Brass has long been a favourite metal for homes, especially on doorknobs, lamps, and decorative hardware. It looks classy, elegant, and bold, but not when it is tarnished and corroded.
Just because brass is heavily corroded, it doesn’t mean you need to throw it away or send it for professional commercial cleaning. There are a few tricks to get things shining brightly again.
Here is a guide on how to clean heavily corroded brass and prevent it from ending up damaged in the future.
A Few Things to Note Before You Start
- Make sure you determine if an object is solid brass or just brass plated before you begin cleaning. If it is plated, thorough cleaning could scrape off the surface, which is not what you want to happen. You can test whether or not something is solid brass by holding a magnet against it. Brass is not magnetic. If it stays, then it is merely brass plated.
- Corrosion and rust are not the same thing and should be treated differently. There is no iron in brass, so it does not technically rust. The cleaning methods you use elsewhere may not be suitable for brass.
- If the brass is heavily corroded, you may need some strong chemicals. Do the cleaning in an open, airy space somewhere in the shade to avoid any risk to your health.
- You can make your own brass cleaning solution at home using simple ingredients, which is worth a try if the corrosion is not too serious or if you are on a tight budget. If the damage is more substantial, it is worth buying some heavy-duty products made specifically for that purpose.
- It is easier to clean in small parts, so if you have an item that disassembles, clean each piece individually.
What Do You Need?
- A rag or cloth
- Warm soapy water
- Fine steel wool or a toothbrush
- Paint stripper
- Acidic solution (see DIY suggestions below)
- Brass cleaner
- Protective gloves
Step One: Use the Paint Stripper to Remove Any Wax or Other Coating
You can’t properly get into the corroded parts of the brass if something is covering them, so you need to remove it first. A small amount of paint stripper onto a dry rag and gently rub the surface.
Step Two: Make Your Acidic Paste and Apply It to the Corroded Areas
Heavy corrosion needs a bit of acidity to help break it down. DIY solutions work well in many cases, so make up a paste of your own. Here are three possible home-made mixtures to use on heavily corroded brass:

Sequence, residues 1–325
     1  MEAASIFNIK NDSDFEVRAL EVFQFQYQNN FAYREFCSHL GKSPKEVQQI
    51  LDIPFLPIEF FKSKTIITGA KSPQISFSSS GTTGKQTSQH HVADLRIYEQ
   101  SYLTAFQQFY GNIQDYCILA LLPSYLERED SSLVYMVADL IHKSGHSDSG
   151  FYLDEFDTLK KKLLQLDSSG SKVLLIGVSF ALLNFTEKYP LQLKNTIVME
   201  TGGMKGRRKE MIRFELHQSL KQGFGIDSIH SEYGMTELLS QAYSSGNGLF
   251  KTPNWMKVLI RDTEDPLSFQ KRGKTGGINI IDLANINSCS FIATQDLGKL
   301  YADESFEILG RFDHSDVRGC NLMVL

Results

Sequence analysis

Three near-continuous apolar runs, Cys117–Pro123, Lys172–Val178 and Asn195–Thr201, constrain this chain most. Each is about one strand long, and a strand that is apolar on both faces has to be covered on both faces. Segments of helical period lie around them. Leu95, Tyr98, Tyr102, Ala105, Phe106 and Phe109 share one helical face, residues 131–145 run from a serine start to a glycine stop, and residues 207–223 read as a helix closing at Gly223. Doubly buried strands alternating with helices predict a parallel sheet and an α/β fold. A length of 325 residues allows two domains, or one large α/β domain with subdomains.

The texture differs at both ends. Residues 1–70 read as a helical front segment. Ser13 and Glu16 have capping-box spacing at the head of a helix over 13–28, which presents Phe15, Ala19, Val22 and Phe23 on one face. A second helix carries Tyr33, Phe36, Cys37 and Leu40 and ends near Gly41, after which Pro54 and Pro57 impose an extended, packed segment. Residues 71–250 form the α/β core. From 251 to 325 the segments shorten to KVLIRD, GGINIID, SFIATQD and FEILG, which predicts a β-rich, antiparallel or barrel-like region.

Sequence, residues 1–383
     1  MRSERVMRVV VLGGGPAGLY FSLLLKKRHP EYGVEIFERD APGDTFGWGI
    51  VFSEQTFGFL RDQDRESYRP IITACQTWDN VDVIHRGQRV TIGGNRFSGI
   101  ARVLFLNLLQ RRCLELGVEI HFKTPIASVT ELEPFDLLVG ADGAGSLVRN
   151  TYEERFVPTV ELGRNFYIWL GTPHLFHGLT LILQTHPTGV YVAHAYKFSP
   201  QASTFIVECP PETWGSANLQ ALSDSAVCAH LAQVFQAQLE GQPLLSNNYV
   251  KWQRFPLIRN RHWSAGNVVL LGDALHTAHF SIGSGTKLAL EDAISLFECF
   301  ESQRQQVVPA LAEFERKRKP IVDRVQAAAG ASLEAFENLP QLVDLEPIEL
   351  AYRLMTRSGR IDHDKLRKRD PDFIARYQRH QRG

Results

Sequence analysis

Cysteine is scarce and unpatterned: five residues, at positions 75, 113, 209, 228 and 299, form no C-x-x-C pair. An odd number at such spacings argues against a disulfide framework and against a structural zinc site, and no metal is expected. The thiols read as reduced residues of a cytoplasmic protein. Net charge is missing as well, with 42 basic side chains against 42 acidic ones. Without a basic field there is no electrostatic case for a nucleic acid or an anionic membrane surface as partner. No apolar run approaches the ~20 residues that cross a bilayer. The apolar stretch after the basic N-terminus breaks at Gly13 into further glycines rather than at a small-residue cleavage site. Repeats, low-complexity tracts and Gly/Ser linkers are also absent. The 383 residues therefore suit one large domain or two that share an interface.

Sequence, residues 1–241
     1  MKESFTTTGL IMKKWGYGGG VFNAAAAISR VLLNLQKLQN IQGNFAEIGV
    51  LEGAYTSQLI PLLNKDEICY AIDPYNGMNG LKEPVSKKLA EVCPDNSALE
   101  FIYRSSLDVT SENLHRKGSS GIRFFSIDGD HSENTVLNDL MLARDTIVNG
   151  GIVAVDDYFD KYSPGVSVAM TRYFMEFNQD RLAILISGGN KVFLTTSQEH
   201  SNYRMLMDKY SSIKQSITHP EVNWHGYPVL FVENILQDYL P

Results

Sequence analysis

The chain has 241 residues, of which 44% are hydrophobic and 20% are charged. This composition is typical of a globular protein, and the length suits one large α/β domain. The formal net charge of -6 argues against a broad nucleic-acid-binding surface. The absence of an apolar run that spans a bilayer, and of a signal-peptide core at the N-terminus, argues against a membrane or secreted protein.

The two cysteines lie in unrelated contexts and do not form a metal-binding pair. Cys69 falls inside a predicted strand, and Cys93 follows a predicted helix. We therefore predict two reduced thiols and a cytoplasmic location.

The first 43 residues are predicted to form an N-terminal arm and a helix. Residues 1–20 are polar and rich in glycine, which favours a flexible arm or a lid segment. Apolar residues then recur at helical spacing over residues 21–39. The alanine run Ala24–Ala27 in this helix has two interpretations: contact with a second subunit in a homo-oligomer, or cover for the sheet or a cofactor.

- Mix equal parts white vinegar, salt, and plain flour to create a paste. It should be thick and go semi-dry when you leave it on the brass.
- Cut a lemon in half, covering the exposed edge with fine salt. Apply directly onto the brass using the lemon like a sponge. You can also add baking powder to the lemon to create more of a paste effect.
- Tomato paste is plenty acidic on its own. Simply spread it over the brass and leave it to do its thing. You can also use good old fashion ketchup.
Whether you use vinegar, lemon, or tomato paste, it is important to completely cover the object and leave it to soak in for 30 minutes up to an hour.
Step Three: Scrub Off the Corrosion Using Fine Steel Wool or a Toothbrush
After letting the paste set in, it is time for the elbow grease. Using either a strong toothbrush or fine steel wool (depending on how severe the corrosion is and how delicate the surface is), scrub the paste and tarnish off the brass. Depending on how bad the corrosion is, you may need to repeat steps two and three a couple of times.
Step Four: Wash the Brass Object in Warm Soapy Water
When you are satisfied that the blemishes are gone, rinse the object in hand-hot water with a mild detergent soap to get rid of any residue. Don’t leave it sitting in the water- just get rid of everything, then pat it dry. Make sure there is nothing left as it is likely to leave a mark later and negate all your hard work.
Step Five: Polish the Surface with the Brass Cleaner to Add Shine and Protection
You have wiped, soaked, scrubbed, washed, and dried: now for the finishing touch! Take a good-quality brass cleaner and polish the surface with a soft cloth. Polish in a circular motion to avoid streaks and make sure you cover the item evenly.
Adding a polish is not just for the classic brass shine- it also helps protect the surface from scratches and tarnish, keeping it clean longer than it would be without.
How to Avoid Brass Corrosion in the First Place
Like most things, if you keep up with basic regular maintenance, then the damage should never get out of hand.
- Regular light polishing helps prevent corrosion from setting in and keeps things shining. Don’t overdo it- just a brief once over with a simple shop-bought or DIY polish once a month is enough to do the trick. Remember, always clean before you polish.
- Consider having the brass lacquered if you like the style. Some people prefer to keep brass natural for the authentic, classic look, but a lacquer or urethane coating does help prevent tarnishing. You should have it re-done every year- more often if it is exposed to sunlight.
- If you have any brass items that are particularly old, ornate, or important to you, consider having them professionally cleaned every now and again before corrosion has a chance to set in.
Professional brass cleaning can cost a pretty penny and is not always necessary. It is impressive what the contents of your kitchen cupboards can do! Brass is a stunning addition to any home décor, but not when it is left to corrode and tarnish.
You can keep brass clean without detracting from its charm- give it the regular TLC it deserves. If you have a piece that has seen better days, don’t give up on it just yet!